Do you suffer from muscle cramps, particularly during strenuous efforts? It could be a sign of low electrolyte levels.

My favorite electrolyte replacement is Elete, but you can find tablets like Nuun or even salt tablets in most retail sports stores.

Another good option: coconut water plus a couple pinches of sea salt. Why the salt? Despite its rich potassium content, coconut water is pretty darn low in sodium.

Between events, sip on water with some electrolytes added. Don’t gorge yourself with water since your stomach tends to empty slower during intense periods of exercise which can make you bloated and uncomfortable.

Eat a full breakfast.

This one’s important since pre-competition nerves can make people feel like not eating, but performance tends to suffer on a quick breakfast of protein shakes, coffee, or worse, nothing at all.

While I’m not a fan of skipping sleep to eat breakfast, on CrossFit competition day, you may be better off getting up a bit earlier than usual to make sure you get a meal in you.

Most competitions will have at least two workouts – three or more being typical – and generally, everything kicks off in the morning. That may mean waking up early to drive there. If so, think about prepping breakfast the night before.

Eat something you're familiar with for breakfast that's easy to digest on competition day. Click To Tweet

Stay away from anything with a ton of fiber – not the time to be chowing on a breakfast salad – and be sure you’re eating something with protein, carbs, and fat. Examples might be a few eggs with bacon and sweet potato hash, oatmeal with coconut milk or chopped nuts and some fruit, etc.

Of course, you’ll want to plan for 2 to 3 hours of lead time to allow your breakfast to digest, so plan accordingly.

Focus on protein and carbs during the event.

Okay this is the big one for CrossFit competition nutrition.

Since most competitions are typically multi-event / multi-workout with breaks in between heats, you’ll want something to eat between those events.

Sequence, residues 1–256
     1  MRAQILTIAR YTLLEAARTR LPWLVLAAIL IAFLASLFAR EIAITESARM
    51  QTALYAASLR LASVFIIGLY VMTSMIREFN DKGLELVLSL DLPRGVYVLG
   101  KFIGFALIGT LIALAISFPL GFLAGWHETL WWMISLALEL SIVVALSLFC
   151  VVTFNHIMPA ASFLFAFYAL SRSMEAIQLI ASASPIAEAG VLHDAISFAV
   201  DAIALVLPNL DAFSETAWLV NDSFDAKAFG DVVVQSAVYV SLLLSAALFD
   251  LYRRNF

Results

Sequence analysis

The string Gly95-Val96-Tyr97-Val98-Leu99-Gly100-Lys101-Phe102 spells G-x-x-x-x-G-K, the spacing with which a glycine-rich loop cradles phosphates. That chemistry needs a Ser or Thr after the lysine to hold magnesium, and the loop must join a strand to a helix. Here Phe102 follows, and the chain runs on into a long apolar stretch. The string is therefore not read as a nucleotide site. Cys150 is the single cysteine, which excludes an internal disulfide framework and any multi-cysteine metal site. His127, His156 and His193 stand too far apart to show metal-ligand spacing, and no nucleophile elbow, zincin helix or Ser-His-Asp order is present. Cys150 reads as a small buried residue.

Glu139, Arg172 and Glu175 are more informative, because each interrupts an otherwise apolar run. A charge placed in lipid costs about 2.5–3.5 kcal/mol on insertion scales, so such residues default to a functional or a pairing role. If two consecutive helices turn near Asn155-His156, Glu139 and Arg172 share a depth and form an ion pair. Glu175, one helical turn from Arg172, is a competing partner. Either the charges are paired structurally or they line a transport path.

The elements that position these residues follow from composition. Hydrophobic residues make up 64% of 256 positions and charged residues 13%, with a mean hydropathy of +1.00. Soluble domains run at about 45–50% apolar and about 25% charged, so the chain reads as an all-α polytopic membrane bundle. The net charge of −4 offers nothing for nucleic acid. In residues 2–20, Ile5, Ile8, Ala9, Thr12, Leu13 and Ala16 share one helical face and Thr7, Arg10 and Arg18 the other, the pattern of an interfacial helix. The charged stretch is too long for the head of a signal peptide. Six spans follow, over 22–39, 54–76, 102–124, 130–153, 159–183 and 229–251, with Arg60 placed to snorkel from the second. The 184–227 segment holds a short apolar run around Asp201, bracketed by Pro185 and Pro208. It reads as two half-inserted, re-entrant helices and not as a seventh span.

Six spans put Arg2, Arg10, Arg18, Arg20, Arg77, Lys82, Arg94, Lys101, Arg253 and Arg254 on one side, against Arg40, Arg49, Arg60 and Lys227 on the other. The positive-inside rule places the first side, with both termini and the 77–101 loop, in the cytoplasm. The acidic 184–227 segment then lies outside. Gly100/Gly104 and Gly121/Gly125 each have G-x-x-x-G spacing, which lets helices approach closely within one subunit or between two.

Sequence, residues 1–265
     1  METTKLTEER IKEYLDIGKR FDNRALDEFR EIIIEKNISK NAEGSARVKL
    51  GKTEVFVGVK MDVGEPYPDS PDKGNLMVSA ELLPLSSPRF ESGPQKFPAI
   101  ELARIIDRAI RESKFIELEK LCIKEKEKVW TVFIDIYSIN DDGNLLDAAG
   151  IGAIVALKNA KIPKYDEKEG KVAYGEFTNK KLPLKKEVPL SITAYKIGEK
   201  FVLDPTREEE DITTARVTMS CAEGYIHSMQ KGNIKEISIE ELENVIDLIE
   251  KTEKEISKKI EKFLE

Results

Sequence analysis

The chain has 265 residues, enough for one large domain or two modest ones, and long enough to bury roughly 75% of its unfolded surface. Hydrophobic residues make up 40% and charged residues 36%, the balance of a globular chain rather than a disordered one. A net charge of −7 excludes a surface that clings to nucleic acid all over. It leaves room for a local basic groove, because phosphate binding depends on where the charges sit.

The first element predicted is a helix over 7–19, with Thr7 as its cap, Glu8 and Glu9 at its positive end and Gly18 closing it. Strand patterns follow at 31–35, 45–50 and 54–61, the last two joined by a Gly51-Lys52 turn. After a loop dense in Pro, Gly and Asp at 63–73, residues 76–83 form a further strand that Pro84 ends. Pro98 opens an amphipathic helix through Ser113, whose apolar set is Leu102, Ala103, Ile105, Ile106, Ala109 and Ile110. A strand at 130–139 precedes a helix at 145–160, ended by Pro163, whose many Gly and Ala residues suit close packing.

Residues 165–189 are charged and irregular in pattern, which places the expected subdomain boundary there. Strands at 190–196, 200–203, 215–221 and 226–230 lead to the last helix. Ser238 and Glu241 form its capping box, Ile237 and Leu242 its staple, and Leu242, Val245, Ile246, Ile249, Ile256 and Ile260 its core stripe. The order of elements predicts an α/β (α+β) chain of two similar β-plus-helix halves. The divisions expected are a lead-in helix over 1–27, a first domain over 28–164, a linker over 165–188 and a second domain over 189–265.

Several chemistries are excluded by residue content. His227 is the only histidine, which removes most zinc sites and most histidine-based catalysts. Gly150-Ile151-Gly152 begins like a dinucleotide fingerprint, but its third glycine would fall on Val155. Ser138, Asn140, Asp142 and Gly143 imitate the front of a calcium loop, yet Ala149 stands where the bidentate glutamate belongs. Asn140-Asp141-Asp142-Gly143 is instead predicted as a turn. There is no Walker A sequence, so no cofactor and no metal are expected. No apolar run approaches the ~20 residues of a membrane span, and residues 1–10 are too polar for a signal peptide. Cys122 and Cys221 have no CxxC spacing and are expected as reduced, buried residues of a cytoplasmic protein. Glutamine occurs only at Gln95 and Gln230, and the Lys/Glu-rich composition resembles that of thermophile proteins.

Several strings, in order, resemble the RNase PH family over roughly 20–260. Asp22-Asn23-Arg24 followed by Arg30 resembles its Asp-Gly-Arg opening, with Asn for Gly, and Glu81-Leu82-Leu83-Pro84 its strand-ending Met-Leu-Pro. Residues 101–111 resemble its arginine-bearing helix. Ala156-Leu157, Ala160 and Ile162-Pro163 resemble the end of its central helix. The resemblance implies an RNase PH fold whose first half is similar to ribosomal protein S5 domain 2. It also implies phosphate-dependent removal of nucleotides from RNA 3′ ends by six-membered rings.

This is where planning – or lack of it – can make or break the performance.

First common mistake: Eating or drinking something that came in your swag bag, mooching off a friend’s food, etc.

Never eat or drink something on competition day you haven't tested in training. Click To Tweet

It may contain an ingredient that upsets your stomach, leaving you running for the bathroom or bloating your belly.

Second common mistake: Timing nutrients wrong.

Fatty meats, slow-digesting foods, casein-based protein powders, and big doses of fat all take longer to digest than is appropriate on competition day.

Why? Fats slow down the emptying of your stomach. If you’re between events or heats and you’ve got a little recovery time, you want that nutrition to go to your muscle as fast as possible. Skip the fatty foods between events.

Certain protein powder, like casein, also digest more slowly. Time is of the essence, so choose a protein powder that’s whey- or egg-white based instead. If you want to eat something instead, opt for egg whites, lean meats, etc.

Protein examples:

  • Whey protein powder
  • Lean meat
  • Egg whites
  • Recovery-type protein powder (typically a whey + carb mix)
  • Protein bar with little fat

Between events, eat or drink proteins and carbs that are easy to digest.

For carbs, stick to something with a high glucose content. Why? Glucose replenishes muscle glycogen most directly.

If you want to drink something, stick to things like coconut water or a fruit juice like pineapple which is high in glucose. You can also mix that into your protein powder.